John­son lived the rock ’ n ’ roll lifestyle be­fore rock ’ n ’ roll was in­vented. Peo­ple be­lieved he had sold his soul to the devil in ex­change for his tal­ent. He was an itin­er­ant, trav­el­ling from town to town, busk­ing on street cor­ners, play­ing in whiskey dives and in Satur­day-night juke joints. A small-boned man with in­tense eyes, he was ad­dicted to women and whiskey. Both were im­pli­cated in his early death. Play­ing at a house party, he was served poi­soned whiskey by a jeal­ous hus­band. He died a few days later. They say at the end he was on his hands and knees, bark­ing like a dog. The devil had come to claim him.

Of all the delta towns, Clarks­dale’s blues her­itage is per­haps the strong­est. The train sta­tion, where Wa­ters caught the Illi­nois Cen­tral to Chicago, is now the Delta Blues

Mu­seum. Among the dis­plays is Wa­ters’s plan­ta­tion shack and some rare ar­chive footage of him play­ing to rap­tur­ous au­di­ences on his tour of Europe in 1953.

I stay at the Big Pink Guest­house. It is like a stage set for a Ten­nessee Wil­liams play. I keep ex­pect­ing Blanche DuBois to drop in for mint juleps. Be­neath the ceil­ing fans are par­lour set­tees, glass lamps, pot­ted palms and a bust of Elvis. There is an or­gan in the hall and an in­ner court­yard with a tiled foun­tain. Up­stairs is a li­brary of south­ern clas­sics, and a bath the size of Alabama.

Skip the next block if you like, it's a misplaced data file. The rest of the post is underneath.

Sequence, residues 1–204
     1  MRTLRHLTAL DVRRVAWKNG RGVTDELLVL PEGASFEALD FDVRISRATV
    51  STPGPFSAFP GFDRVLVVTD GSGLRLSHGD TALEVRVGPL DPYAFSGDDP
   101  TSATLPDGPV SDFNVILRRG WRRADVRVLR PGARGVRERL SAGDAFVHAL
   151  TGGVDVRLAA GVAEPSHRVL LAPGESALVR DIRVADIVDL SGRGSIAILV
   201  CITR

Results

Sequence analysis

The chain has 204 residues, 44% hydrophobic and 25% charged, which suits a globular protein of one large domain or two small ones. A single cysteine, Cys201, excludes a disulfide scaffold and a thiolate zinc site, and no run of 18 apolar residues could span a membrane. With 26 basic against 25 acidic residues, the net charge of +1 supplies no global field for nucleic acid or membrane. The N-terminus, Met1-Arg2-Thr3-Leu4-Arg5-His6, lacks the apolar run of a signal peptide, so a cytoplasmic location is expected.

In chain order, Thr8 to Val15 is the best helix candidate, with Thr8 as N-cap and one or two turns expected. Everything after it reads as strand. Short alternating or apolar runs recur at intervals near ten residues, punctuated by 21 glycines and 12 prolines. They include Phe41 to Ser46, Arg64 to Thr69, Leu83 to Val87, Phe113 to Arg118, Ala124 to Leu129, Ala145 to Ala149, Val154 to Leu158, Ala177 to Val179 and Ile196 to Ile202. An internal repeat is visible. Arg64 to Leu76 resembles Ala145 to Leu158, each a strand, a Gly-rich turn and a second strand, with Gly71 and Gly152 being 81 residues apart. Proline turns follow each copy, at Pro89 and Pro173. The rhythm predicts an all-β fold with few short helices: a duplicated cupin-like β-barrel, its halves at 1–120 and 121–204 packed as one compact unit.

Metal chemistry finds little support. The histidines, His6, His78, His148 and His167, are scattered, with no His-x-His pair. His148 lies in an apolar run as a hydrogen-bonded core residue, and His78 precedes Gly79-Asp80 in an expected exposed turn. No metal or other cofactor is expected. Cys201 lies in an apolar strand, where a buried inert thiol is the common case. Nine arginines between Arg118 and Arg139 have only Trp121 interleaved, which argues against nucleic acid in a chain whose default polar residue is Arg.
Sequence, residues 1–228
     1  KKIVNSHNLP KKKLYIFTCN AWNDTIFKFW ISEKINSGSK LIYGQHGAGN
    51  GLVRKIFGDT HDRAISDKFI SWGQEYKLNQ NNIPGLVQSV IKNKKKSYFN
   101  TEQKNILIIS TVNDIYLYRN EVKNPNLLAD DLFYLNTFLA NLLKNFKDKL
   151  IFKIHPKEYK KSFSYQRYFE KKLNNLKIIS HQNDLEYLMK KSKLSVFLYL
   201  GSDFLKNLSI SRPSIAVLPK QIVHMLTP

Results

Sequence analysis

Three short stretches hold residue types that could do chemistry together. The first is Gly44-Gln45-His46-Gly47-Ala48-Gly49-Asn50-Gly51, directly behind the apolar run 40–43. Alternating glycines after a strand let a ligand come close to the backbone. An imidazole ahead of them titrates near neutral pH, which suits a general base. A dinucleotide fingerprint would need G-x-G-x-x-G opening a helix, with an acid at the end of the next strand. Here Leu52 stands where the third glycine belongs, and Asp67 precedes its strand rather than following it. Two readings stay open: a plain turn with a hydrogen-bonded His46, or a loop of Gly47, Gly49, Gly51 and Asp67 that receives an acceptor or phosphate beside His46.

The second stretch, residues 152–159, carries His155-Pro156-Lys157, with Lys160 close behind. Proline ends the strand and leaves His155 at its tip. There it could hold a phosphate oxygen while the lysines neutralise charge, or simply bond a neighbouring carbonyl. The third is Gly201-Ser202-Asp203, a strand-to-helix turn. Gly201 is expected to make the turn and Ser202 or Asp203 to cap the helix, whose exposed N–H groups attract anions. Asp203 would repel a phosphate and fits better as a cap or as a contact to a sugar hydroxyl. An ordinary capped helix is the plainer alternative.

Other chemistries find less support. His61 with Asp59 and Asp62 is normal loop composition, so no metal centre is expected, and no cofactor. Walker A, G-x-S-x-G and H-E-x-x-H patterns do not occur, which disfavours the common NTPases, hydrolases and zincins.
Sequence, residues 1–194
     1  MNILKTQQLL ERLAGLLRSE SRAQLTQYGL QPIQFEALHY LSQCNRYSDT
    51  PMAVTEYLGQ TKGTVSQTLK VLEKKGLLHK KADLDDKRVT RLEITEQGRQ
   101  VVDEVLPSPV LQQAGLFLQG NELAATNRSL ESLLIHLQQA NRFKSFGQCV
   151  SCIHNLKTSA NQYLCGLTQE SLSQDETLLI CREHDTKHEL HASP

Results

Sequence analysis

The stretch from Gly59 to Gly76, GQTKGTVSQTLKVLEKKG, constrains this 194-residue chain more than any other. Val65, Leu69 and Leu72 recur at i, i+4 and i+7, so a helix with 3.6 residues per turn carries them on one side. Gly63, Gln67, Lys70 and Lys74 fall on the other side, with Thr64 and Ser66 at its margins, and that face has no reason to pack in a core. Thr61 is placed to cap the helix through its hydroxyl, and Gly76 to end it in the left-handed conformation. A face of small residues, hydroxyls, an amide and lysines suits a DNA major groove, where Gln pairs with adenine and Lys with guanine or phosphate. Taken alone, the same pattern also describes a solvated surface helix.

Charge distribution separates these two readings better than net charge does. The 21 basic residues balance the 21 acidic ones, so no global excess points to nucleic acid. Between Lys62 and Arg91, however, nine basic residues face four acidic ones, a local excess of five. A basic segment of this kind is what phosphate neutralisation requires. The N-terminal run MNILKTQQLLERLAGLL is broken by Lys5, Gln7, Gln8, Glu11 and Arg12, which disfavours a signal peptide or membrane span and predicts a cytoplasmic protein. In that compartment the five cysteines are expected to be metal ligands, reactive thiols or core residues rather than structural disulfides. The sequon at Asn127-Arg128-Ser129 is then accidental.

It is only stum­bling dis­tance from the Big Pink to Ground Zero, a blues club re­cently opened by movie star Morgan Free­man. In spite of the Hol­ly­wood con­nec­tions, it is in the tra­di­tion of Delta juke joints, a down-home spit-and-saw­dust kind of place, barn-like, friendly and crazy for mu­sic. The walls are cov­ered with graf­fiti and posters, and the pun­ters are a mix of lo­cals and blues tourists.

The band has a guest gui­tarist with them, a 13-year-old black boy called Omar Gor­don, an­other child prodigy of the delta. For those who de­spair of the way mu­sic has be­come man­u­fac­tured, and worry about the de­cline of the blues, young Omar is the an­ti­dote. Se­ri­ous, self-con­tained and dig­ni­fied, he lights up the place with fluid lines of notes that would have im­pressed John­son. The next morn­ing I head north to Mem­phis with his gui­tar licks still hum­ming in my head.

Mem­phis may be in Ten­nessee but its soul is in Mis­sis­sippi; it is the big city for all the small towns of the delta. It is no co­in­ci­dence that Elvis, the white boy with the black sound, grew up here. His first record­ing, That’s All Right, Mama, was a cover of a song that had been a hit eight years be­fore on lo­cal black ra­dio sta­tions for Big Boy Crudup.